Printer Friendly

African named dean of cardinal college.

For the first time, a black African cardinal has been chosen as dean of the College of Cardinals, a position that carries important duties during the election of a pope.

Cardinal Bernardin Gantin, 71, is presently the head of the Congregation for Bishops, which coordinates selection of new bishops around the world. Gantin, a native of Benin, replaces Brazilian Cardinal Agnelo Rossi who retired.

In the case of a pope's death, the dean assumes several key functions: convening regular meetings of cardinals before a conclave, notifying the cardinals of the conclave, chairing the conclave and presiding over meetings of the college.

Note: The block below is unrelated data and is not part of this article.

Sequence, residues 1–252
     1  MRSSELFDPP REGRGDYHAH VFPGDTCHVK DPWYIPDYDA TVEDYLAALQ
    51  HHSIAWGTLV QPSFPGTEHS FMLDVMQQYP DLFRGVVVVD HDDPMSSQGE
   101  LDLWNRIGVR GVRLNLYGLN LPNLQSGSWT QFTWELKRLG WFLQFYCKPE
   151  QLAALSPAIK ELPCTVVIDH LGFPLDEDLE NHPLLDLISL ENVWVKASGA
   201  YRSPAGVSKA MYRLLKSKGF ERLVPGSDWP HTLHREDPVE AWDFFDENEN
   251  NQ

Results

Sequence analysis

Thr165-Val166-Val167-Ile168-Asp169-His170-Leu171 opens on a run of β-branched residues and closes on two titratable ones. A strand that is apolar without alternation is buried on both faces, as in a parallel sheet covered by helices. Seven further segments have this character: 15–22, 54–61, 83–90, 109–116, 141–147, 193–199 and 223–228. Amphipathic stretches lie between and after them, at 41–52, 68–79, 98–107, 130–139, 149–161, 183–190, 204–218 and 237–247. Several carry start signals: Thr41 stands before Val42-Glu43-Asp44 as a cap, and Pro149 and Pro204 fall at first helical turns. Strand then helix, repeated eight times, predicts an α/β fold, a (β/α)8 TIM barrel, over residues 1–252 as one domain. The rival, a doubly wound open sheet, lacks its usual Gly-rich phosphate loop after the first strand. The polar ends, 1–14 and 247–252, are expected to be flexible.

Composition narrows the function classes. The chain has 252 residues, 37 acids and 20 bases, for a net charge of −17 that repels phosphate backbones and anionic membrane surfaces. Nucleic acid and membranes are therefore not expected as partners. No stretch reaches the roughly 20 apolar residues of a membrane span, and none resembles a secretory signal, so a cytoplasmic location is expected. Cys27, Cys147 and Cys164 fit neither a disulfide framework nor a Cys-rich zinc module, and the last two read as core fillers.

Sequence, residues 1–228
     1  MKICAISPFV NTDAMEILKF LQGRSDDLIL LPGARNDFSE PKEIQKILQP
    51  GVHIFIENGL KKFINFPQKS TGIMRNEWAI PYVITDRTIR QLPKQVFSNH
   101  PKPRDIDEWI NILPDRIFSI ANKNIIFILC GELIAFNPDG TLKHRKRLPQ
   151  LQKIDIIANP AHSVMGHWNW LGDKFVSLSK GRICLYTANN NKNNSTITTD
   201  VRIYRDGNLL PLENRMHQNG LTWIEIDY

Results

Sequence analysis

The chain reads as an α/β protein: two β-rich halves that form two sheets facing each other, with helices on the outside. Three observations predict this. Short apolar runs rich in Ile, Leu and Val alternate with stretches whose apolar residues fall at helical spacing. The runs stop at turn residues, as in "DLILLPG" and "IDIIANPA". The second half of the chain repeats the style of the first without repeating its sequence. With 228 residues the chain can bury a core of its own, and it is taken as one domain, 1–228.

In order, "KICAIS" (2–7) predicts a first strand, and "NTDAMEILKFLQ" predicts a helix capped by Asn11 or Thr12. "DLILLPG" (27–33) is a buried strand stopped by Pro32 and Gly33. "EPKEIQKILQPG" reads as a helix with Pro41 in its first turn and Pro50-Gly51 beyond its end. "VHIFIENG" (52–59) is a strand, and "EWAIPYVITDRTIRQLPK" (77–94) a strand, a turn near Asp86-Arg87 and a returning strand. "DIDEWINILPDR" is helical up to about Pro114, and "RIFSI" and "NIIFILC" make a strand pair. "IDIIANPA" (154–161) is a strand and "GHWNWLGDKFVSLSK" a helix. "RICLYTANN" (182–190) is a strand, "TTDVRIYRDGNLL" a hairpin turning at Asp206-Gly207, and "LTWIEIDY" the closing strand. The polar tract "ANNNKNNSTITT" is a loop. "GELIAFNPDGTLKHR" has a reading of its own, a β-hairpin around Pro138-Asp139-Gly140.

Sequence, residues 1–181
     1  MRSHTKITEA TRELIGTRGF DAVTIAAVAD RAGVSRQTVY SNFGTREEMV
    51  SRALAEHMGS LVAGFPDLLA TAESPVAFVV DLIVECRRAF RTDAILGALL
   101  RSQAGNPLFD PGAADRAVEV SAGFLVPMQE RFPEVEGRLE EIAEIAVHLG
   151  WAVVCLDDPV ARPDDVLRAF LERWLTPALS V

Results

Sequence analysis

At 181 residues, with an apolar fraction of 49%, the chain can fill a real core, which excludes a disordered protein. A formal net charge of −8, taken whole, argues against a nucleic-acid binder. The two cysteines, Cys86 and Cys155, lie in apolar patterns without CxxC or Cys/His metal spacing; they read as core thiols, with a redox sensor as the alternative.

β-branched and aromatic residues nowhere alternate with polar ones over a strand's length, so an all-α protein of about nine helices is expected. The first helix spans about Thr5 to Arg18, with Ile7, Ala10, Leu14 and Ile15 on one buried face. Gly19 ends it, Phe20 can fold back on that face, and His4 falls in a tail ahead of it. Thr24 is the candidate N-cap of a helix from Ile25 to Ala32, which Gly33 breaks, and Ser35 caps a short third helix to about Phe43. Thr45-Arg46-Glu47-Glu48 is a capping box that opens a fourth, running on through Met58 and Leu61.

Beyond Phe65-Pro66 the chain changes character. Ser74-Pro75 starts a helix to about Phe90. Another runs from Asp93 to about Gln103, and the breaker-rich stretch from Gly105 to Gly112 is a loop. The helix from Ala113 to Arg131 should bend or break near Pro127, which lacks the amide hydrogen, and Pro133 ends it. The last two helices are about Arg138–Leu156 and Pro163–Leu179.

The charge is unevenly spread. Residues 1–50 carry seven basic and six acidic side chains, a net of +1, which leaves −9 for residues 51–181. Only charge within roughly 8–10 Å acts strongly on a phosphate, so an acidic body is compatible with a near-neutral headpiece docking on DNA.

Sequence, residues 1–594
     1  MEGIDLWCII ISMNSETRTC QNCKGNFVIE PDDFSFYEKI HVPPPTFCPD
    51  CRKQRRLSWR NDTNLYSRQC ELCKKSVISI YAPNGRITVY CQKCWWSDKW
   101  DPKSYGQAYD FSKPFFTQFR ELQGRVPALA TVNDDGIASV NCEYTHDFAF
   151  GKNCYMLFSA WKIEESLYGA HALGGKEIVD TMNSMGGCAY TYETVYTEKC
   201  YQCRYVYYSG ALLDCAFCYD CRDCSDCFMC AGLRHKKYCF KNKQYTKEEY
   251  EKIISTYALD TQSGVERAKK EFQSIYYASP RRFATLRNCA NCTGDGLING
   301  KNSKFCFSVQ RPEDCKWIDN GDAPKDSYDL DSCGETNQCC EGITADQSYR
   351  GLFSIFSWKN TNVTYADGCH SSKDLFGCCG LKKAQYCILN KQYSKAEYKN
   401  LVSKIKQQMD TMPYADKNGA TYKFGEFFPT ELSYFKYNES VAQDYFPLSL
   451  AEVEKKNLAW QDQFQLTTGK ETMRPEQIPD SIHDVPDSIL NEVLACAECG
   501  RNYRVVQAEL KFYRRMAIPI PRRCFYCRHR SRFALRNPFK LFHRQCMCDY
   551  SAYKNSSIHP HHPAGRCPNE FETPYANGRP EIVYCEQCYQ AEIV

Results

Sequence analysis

Gantin was the first black African in modern church history to become an archbishop when he was named head of the Cotonou archdiocese at the age of 37. He was named a cardinal in 1977, and some observers gave him an outside chance to succeed Pope Paul VI in 1978.
COPYRIGHT 1993 National Catholic Reporter
No portion of this article can be reproduced without the express written permission from the copyright holder.
Copyright 1993 Gale, Cengage Learning. All rights reserved.

Article Details
Printer friendly Cite/link Email Feedback
Title Annotation:Vatican Cardinal Bernardin Gantin
Publication:National Catholic Reporter
Article Type:Biography
Date:Jun 18, 1993
Previous Article:U.N. report on minorities: U.S. not measuring up.
Next Article:Corruption, not communism, rears as Guatemala democracy's bugaboo.

Terms of use | Copyright © 2017 Farlex, Inc. | Feedback | For webmasters